‘Die Deutschen drehen immer durch’: Interviewed by Tageszeitung 23rd April 2012

While in Berlin, last week, I gave an extensive interview to Tageszeitung. Click here for the article, as it appeared on their website (you can use Google Translate if you have no German). Alternatively, you can read the pdf version of the print edition (complete with a weird photo…): Tageszeitung YV interview 23rd April 2012

21 Comments

  • Reading the interview (with google translate) i noticed you were pretty straight-forward,saying “And that does not mean that you can print money. Borrowing is not printed. If you anschmeißt the money press, threatening inflation.”

    I have to ask,how printing money can by definition be inflationary?
    If this was true then you have MV=PY,with M growing and V,Y constant so P has to grow.Dont you agree that this is a special occasion,especially if we are talking about economies with significant output gaps ?

    • Printing money is NOT inflationary by definition. The Quantity Theory of Money identity that you mention simply says that if you increase the quantity of money, then prices will rise ceteris paribus. That is, only of other things remain the same. But, if in a recession, other things are not the same; they are changing. To be precise, transactions (i.e. sales) or incomes (Y) are falling (by definition). This means that to keep prices steady, as long as V (the velocity of circulation) remains more or less constant, the quantity theory must rise. Well, this is what the Fed and the ECB are doing. Having said all this, it is strategically important to state that our Modest Proposal does not involve increases in the quantity of money for the purposes of dealing with either public debt or aggregate investment. It is important so as to de-link our Proposal from even the slightest hint of inflationary policies.

    • I understand your take now and i agree with the choice not to include money printing as an option, so as to surpass chronic phobias.Thanks!

    • This article is wrong because it is making 2 false assumptions.

      1)QE is not adding net financial assets in the system ie. doesnt alter the money supply in contrast to what the article implies.The bonds,banks are holding are effectively savings accounts at the FED.During QE these bonds are swapped for reserves which are effectively checking accounts at the FED.In aggregate there is no alteration in money supply.(if you move your money from a savings account to a checking account you dont suddenly have more or less money).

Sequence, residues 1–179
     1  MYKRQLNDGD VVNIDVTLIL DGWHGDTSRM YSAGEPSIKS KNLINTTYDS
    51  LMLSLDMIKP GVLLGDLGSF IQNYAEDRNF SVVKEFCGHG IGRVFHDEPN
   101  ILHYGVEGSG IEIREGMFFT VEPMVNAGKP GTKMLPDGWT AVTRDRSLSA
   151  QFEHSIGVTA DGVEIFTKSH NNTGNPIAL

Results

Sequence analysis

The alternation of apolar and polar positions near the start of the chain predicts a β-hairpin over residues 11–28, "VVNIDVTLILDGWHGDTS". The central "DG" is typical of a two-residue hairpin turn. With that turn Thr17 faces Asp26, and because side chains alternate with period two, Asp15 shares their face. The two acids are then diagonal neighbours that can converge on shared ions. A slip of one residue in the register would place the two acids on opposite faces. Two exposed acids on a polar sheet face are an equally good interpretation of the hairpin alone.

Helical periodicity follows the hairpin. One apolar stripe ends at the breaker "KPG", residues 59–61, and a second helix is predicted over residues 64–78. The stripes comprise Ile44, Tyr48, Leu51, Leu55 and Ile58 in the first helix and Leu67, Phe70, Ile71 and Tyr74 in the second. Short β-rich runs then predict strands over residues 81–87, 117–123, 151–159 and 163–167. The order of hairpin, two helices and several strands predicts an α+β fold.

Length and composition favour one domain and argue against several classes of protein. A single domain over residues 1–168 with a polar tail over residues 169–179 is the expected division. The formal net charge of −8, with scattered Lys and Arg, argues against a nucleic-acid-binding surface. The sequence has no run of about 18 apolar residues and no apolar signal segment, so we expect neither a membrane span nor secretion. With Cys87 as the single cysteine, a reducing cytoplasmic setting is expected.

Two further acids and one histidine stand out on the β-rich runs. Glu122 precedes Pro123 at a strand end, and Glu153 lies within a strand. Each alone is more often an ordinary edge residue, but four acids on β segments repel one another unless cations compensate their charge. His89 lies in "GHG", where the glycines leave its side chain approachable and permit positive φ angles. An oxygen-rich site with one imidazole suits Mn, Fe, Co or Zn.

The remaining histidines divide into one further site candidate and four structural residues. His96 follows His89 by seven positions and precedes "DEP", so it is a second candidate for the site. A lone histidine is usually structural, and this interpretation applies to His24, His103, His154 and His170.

This picture can make it more clear: http://pragcap.com/wp-content/uploads/2010/11/BS.png

      QE was believed to heat the economy up because they thought more loans could be given but the problem is that demand for loans has decreased,so the reserves are “sitting” at the FED doing nothing.

      2)It claims that an increase in money supply,is by definition inflationary.If you look below you will see that we already discussed with Prof. Varoufakis that this is not true.Based on the tautology MV=PY where M is money supply,V is Velocity of money,P is price level,Y is real output
      in order for an increase in M to be inflationary it is required that V and Y are constant so that P must rise.Its pretty safe to say that this would be a short of special occasion to happen.Especially V is far from constant and in fact it tends to move opposite from M.

    • About par.1 of Crossover’s answer:

      I suppose:
      And that is why the American debt ,even if it is trillions and trillions ,is not as important as the European debt. Because everything sits at the fed. When time comes to pay for the bonds bought from China ,a simple transfer is all they do.

    • @Dimitri

      More or less thats right.Not everything sits at the Fed but its as simple as you describe it.They just credit certain accounts.And that goes for any country that is issuing its own fiat,free-floating currency not just US,but its not the case for Eurozone.

  • Do I understand correctly you propose that Germany should transfer money via Eurobonds and work via industrie allocation to the GISPIFs?

    This won’t work. The GISPIFs crave for more cheap money like drug addicts. They will never pay their debts back (Germany won’t either) because the’ll use it again to please certain interest groups like the public sector employees, the finance industries, the retirees…

    And whatever industries the GIPSIFs get, they wouldn’d do the jobs right. Because if they did, the had competitive sectors already, no?